My Facebook and blogging friends have engaged in a conversation following the NPR interview with Theresa McBain which aired on Talk of Nation with Neal Conan on Monday, May 7 (I tried to create a link to the transcipt but it won't work). McBain is the United Methodist minister who decided she was an atheist and left the ministry. Apparently there is a movement afoot, some 200 former clergy who have joined a cause called "The Clergy Project." Reading the transcript of the interview with McBain was a reminder that in this country we tend to think that Christianity looks a certain way, follows only certain dogmas and doctrines. The religion correspondent for NPR, Barbara Bradley Haggerty, perpetuates this idea, sadly. For me, the real issues that we ought to ponder here is not the shift to atheism, but the idea that people define themselves as atheists because the do not believe the limitations of Christianity as they know it. (And, I suppose this would also be true for those who leave Judaism and other institutions of religion).
Joan Chittister in her book, "Called to Question" writes about her own journey of questioning everything she knows about her religion. She writes, "It is God that religion must be about, not itself. When religion makes itself God, it ceases to be religion...But when religion becomes the bridge that leads to God, it stretches us to live to the limits of human possibility. It requires us to be everything we can possibly be: kind, generous, honest, loving, compassionate, just. It defines the standard of the human condition...religion at its worst is a sham...religion at its best anchors us to the best in ourselves as well...it enables us to find meaning in life." (pg. 14-15)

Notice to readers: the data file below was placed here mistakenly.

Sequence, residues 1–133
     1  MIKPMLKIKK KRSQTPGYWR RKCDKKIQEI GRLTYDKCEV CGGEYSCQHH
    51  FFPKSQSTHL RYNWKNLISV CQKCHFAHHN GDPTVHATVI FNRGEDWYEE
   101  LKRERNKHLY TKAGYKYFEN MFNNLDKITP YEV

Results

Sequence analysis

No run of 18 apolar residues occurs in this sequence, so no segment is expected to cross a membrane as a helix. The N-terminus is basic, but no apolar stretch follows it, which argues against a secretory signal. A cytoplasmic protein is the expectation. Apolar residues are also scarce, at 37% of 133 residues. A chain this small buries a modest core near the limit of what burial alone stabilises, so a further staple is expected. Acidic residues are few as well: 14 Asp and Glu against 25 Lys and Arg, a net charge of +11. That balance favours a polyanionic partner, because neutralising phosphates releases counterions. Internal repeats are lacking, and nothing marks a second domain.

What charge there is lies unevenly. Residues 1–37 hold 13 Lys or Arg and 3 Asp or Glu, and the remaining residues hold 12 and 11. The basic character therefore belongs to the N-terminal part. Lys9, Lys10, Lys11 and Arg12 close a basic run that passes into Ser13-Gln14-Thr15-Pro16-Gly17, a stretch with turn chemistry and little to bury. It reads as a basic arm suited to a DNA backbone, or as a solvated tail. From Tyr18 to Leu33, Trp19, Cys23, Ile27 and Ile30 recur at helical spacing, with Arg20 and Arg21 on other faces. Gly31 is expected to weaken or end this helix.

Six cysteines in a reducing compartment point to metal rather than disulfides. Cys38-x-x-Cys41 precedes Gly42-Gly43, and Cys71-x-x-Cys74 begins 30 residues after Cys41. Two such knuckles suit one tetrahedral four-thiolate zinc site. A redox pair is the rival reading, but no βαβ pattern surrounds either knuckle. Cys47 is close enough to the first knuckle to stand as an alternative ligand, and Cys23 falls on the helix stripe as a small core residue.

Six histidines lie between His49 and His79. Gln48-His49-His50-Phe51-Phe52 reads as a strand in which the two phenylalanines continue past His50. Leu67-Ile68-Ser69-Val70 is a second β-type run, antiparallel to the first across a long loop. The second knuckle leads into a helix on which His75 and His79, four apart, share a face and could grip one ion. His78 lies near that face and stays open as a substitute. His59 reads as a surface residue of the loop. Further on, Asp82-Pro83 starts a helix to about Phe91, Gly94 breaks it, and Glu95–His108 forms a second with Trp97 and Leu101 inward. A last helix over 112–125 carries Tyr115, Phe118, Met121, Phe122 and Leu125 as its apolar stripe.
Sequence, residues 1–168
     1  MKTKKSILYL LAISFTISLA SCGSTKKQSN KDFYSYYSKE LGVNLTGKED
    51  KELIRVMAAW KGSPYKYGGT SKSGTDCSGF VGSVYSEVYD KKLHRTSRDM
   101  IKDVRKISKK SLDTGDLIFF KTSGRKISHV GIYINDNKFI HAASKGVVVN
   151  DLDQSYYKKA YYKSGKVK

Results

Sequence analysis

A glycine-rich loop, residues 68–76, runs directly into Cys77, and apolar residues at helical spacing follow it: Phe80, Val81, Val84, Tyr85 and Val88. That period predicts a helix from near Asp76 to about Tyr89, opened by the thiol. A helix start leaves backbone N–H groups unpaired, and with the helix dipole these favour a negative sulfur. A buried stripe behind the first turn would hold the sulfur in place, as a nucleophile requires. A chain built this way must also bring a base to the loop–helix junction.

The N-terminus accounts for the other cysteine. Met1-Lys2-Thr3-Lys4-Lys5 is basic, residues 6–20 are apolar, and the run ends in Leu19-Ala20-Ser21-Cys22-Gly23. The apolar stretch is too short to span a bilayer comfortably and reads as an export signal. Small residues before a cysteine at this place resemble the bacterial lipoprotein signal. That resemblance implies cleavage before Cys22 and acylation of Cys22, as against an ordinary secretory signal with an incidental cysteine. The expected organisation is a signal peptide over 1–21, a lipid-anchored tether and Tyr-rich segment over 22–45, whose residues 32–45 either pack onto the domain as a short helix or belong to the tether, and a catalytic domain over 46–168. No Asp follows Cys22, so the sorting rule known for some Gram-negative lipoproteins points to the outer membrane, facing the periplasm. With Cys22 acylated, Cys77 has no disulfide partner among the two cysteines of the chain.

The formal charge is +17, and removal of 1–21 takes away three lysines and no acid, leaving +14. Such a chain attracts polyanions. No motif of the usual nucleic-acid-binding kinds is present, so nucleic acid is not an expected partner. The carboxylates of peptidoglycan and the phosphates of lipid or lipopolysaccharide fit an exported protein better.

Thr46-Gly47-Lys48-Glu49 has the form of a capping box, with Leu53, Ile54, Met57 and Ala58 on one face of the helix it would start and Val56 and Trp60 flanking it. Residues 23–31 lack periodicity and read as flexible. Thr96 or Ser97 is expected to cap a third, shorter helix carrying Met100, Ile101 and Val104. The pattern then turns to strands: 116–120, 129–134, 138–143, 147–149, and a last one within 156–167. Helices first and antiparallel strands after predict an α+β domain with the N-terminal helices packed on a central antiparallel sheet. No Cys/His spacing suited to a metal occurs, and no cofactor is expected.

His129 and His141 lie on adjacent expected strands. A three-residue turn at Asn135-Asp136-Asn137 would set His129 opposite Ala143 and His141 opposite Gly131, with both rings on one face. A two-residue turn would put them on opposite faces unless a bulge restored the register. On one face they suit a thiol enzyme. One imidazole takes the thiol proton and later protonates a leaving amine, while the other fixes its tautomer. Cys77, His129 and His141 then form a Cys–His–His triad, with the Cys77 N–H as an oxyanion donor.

I know something about this. I left Christianity when I was fifteen and did not return for sixteen years. I left intentionally because I could not believe in the God and the teachings of the church that were held out to me as absolutes for my salvation.
I did not, however leave God.
Maybe that's the difference? I did not leave God. Oh, I tried too. I worked hard at questioning and wondering. No doubt I had days or years when I told myself there could be no God. "God" didn't make sense. But ultimately I was trying to make sense of a God that was supposed to fit into something I could make sense of. When I realized that that was ridiculous I found myself on a path of returning to Church. It helps that I found myself in a church that embraces God as mystery, and doesn't try to have dogmatic answers or tenets of belief that I must adhere too - well, except that we are to love as God loves.
I read "Called to Question" several year ago, but I think I'll spend some time with it once again. Chittisters honest probing speaks to me, resonates with my experience, and offers me perspective. It's not certainty that I yearn for, it's nourishment that sustains me through the questions. I don't want to judge McBain, and others like her on their spiritual journey. I've been there. I will however pray for her, that she finds the courage to explore with depth, rather than reject God simply because she can't reconcile herself to a God defined by narrow human constructs.
Because the truth is, God has never left me. And I'm sure God has not left her.